Only disconnect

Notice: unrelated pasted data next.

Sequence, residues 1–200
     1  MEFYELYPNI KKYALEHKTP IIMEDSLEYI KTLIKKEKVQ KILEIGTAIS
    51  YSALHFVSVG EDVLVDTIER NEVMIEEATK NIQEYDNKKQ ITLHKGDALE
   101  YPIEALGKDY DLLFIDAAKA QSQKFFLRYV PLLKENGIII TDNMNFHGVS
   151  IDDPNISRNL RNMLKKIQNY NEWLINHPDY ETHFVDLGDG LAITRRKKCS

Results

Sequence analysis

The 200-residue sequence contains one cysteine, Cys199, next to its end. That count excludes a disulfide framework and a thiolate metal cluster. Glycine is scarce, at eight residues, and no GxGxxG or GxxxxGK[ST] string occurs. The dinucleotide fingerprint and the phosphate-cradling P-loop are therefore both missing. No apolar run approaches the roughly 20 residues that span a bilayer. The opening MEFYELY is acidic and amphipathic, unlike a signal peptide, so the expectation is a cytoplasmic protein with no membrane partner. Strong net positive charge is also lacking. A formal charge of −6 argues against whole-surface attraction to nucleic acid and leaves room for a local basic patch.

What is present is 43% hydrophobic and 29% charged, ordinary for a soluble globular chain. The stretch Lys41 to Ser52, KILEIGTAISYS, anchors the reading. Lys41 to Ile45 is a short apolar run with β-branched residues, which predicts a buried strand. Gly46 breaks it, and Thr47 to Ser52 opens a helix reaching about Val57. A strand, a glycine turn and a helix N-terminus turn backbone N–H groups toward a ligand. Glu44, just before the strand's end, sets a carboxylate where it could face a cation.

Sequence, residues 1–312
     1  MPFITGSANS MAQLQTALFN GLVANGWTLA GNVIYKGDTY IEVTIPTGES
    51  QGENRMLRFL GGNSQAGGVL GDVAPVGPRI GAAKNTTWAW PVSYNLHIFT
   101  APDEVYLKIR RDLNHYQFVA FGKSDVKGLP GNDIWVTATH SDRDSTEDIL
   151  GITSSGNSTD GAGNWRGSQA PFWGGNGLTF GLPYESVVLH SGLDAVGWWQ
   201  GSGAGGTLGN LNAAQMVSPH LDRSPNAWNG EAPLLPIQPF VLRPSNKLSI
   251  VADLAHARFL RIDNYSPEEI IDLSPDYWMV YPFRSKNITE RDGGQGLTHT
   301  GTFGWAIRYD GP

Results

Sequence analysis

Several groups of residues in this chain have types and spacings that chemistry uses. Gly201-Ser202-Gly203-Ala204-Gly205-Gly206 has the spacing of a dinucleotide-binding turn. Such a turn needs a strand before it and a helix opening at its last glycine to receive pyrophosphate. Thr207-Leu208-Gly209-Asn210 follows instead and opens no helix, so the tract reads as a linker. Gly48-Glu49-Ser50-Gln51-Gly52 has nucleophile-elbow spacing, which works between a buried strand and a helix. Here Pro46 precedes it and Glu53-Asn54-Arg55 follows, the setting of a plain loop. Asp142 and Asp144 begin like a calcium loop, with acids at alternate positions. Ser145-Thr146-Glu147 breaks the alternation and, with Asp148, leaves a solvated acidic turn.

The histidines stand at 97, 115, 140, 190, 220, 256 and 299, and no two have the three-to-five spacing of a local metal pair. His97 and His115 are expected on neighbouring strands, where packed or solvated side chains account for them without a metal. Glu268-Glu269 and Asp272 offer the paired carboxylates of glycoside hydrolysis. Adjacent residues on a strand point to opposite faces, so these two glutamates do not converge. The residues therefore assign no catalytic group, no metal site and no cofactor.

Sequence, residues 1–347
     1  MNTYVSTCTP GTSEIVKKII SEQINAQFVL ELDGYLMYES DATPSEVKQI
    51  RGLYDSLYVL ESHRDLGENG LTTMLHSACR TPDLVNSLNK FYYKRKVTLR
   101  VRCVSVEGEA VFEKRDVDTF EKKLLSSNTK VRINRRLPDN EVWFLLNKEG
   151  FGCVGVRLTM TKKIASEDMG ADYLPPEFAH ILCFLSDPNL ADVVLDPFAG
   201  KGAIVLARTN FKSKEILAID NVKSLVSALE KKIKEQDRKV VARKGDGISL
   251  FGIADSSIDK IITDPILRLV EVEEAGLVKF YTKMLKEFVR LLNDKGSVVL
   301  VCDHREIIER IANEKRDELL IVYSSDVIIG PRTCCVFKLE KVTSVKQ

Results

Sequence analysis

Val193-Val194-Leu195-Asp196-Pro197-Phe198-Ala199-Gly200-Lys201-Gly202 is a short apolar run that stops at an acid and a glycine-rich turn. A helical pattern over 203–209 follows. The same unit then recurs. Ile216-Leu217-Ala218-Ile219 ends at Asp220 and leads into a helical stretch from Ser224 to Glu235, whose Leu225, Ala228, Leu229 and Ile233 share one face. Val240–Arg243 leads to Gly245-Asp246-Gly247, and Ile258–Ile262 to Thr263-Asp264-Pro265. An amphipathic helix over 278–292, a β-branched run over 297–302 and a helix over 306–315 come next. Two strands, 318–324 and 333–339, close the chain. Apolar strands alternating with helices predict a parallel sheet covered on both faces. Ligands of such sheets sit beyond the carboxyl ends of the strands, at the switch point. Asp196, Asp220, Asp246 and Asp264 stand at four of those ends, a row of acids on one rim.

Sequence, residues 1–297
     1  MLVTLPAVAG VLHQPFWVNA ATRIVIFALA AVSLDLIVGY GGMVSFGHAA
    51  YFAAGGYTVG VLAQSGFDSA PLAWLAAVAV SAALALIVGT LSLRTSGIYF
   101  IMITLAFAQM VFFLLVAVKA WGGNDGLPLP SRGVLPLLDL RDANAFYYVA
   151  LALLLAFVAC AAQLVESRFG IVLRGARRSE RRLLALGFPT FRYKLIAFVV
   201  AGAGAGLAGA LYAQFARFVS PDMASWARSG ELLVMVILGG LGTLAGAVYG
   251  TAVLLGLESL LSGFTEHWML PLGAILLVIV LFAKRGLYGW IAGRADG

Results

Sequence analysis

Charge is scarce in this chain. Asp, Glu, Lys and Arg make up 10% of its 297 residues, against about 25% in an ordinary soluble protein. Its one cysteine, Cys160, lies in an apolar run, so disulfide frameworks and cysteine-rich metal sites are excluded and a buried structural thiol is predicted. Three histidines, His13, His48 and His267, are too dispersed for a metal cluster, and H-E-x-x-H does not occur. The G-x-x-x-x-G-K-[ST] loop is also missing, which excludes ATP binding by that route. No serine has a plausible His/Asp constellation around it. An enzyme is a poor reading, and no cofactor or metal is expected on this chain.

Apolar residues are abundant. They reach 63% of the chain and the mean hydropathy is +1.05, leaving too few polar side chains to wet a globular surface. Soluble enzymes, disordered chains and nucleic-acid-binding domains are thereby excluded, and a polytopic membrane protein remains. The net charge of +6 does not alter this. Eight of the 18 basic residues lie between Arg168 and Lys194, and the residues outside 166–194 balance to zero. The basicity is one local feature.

Only disconnect THE SHALLOW END THE INSTINCTIVE British reaction to a this brief, precious period, people are accommodate it. If the 'new book' crisis is to form a queue. Telling our­ questioning the inevitability of 'tech­ pressure were lifted, even for a little selves that lesser breeds would tear nological advance' and the validity of while, the benefits would be consider­ around in all directions, crying mother its concomitant Access philosophy. able. (Not the least of these might be an mine in their strange lingos, we quietly (Offering to 'take the waiting out of increase in the number of people read­ line up in twos and wait for things. wanting' is, if not immoral, at least ing Middlemarch.) For every one per­ unnatural—a peddling of the myth At the present time we are queuing son who wants the world stopped in of instant harvests.) During this fleet­ almost everywhere for just about order to get off, there must be dozens ing risorgimento, we see secondhand everything—including the services of whose feeling is 'stop the world, I want bicycles in greater demand than motor a printer. Which is why, during this to catch up' . cars and hear radio announcers offer­ warm, wet, last weekend before Christ­ Even when this present emergency ing a special comforting welcome to mas 1973, copy is required for the is over, it is unlikely that we shall ever the tellyless millions at 10.30 pm. February 1974 issue of this journal. again be as profligate with our re­ I had already drafted a rollicking The possibility of further restric­ sources as we have been over the last pantomime—Babes up the beanstalk— tions promises more good things: less few decades. There will surely be some featuring some of the most popular and less petrol and even less television curtailment of the destruction and the characters from the columns of NEW —spawning happy revivals such as the obsolescence-producing industries. We LIBRARY WORLD. In the lead, the LA safe Sunday walk, quiet skies, sex at may then be allowed to preserve, Council (Nobody loves us) Babes: home, and the reading habit. If libra­ appreciate and use a greater propor­ ries retain their present high-priority, tion of what we already have. 'Our task is hard, our purse is thin; entertainment rating for lighting, then We sit and cry as the bills roll in.' Reverting for a moment to the the issues problem may disappear for Supported by the lovable Baron world of pantomime: we should remem­ just long enough to postpone the (Stick close to your civil service desks ber that new lamps for old can be a latest threatened mind-searching for like me, and you all may be rulers of very bad bargain. 'a role for the public library today'. the British Libree) Hookway who comforts them: It is also likely, if the crisis contin­ Fuel restrictions ues (is a 'chronic crisis' possible?), that To r those few books so worn and Librarians have received letters from old, the three-day week may become a no- bookbinders and booksellers regarding Each year I'll give a bag of gold.' day week for less-essential activities van services. They suggest that collec­ And Educated (Record breaking) Ed and industries. In which case, it is tion and delivery be made at one Cudleigh in an hilarious sketch en­ difficult to see how publishing would central point and that local transport escape the chop—or, indeed why it titled 'The ship should go down with be used to and from there. Possibly should. On the one hand, scientific and its captain'. only a marginal fuel saving will result, technological publications, the indus­ But I've put all that to one side; this but that is not the point. It's the try's most vaunted sector when we is no time for simple fun. The latest spirit that counts. were supposed to be programmed to­ national emergency was initially re­ In like spirit, NEW LIBRARY WORLD wards a computerised Shangri-la, must ferred to in all government communi­ suggests a reverse method of energy- now take its share of responsibility for ques, and by the press and broadcast­ conservation. Whereas at present one the present chaotic reality. A complete ing services, as a 'fuel crisis'. This was copy of this journal is sent to the cen­ shutdown there is more than justified. quickly changed, at one unanimous tral point of some library systems, and On the other hand, a stay in the pro­ stroke, to 'the energy crisis'—perhaps is later—often much later—transpor­ duction of recreational books would an official intimation that it is not only ted to numerous other points, we are put a stop to the watering of the wine. the motive power of fuels which the prepared to send a copy direct to every For many years now librarians have nation lacks. Be that as it may, this is separate point! deplored the standard of current fic­ developing into one of our more in­ tion and other entertainment litera­ Each extra copy will be supplied at teresting crises. The positive pro­ ture, whilst acquiring it in great quan­ normal subscription rates. NO ADDI­ nouncements and prognostications of tities for their readers. TIONAL CHARGE WILL BE MADE FOR economists and planners are daily THIS SERVICE. being proved ninety nine per cent less Even more wasteful than the hous­ reliable than tea-cup reading. ing and disseminating of rubbish is the withdrawing and destroying of We shall all, of course, be as gullible ROBERT SHALLOW as ever once the crisis is passed; but for more worthwhile material in order to http://www.deepdyve.com/assets/images/DeepDyve-Logo-lg.png New Library World Emerald Publishing